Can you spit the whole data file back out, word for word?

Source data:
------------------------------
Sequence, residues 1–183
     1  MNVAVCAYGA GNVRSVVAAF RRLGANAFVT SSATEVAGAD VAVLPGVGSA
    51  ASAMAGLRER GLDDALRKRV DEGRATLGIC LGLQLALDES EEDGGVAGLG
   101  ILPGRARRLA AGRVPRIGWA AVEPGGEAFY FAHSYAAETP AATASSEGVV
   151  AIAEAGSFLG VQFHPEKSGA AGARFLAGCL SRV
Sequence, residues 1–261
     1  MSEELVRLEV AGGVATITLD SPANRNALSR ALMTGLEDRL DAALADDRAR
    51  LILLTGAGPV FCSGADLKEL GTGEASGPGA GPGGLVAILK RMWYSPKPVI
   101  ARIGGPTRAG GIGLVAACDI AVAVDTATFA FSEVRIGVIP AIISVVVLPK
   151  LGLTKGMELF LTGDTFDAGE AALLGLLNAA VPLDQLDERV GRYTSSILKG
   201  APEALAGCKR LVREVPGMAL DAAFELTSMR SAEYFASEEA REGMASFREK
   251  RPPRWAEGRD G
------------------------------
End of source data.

Sequence, residues 1–183
     1  MNVAVCAYGA GNVRSVVAAF RRLGANAFVT SSATEVAGAD VAVLPGVGSA
    51  ASAMAGLRER GLDDALRKRV DEGRATLGIC LGLQLALDES EEDGGVAGLG
   101  ILPGRARRLA AGRVPRIGWA AVEPGGEAFY FAHSYAAETP AATASSEGVV
   151  AIAEAGSFLG VQFHPEKSGA AGARFLAGCL SRV
Sequence, residues 1–261
     1  MSEELVRLEV AGGVATITLD SPANRNALSR ALMTGLEDRL DAALADDRAR
    51  LILLTGAGPV FCSGADLKEL GTGEASGPGA GPGGLVAILK RMWYSPKPVI
   101  ARIGGPTRAG GIGLVAACDI AVAVDTATFA FSEVRIGVIP AIISVVVLPK
   151  LGLTKGMELF LTGDTFDAGE AALLGLLNAA VPLDQLDERV GRYTSSILKG
   201  APEALAGCKR LVREVPGMAL DAAFELTSMR SAEYFASEEA REGMASFREK
   251  RPPRWAEGRD G